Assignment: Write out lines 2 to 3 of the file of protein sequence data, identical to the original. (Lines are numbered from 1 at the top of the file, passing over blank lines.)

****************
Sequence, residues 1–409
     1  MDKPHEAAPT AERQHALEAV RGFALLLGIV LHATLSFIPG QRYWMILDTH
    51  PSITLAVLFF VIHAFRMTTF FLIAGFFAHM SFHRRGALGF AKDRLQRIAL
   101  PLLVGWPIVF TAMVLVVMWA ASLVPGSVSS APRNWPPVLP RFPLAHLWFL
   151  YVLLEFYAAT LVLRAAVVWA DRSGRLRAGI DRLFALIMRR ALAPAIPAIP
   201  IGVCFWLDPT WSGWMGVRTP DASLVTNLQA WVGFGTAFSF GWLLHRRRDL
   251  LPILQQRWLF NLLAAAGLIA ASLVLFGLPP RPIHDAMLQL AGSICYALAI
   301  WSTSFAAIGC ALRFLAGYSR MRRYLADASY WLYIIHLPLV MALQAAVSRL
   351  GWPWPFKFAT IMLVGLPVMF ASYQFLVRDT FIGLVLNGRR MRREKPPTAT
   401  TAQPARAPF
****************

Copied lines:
     1  MDKPHEAAPT AERQHALEAV RGFALLLGIV LHATLSFIPG QRYWMILDTH
    51  PSITLAVLFF VIHAFRMTTF FLIAGFFAHM SFHRRGALGF AKDRLQRIAL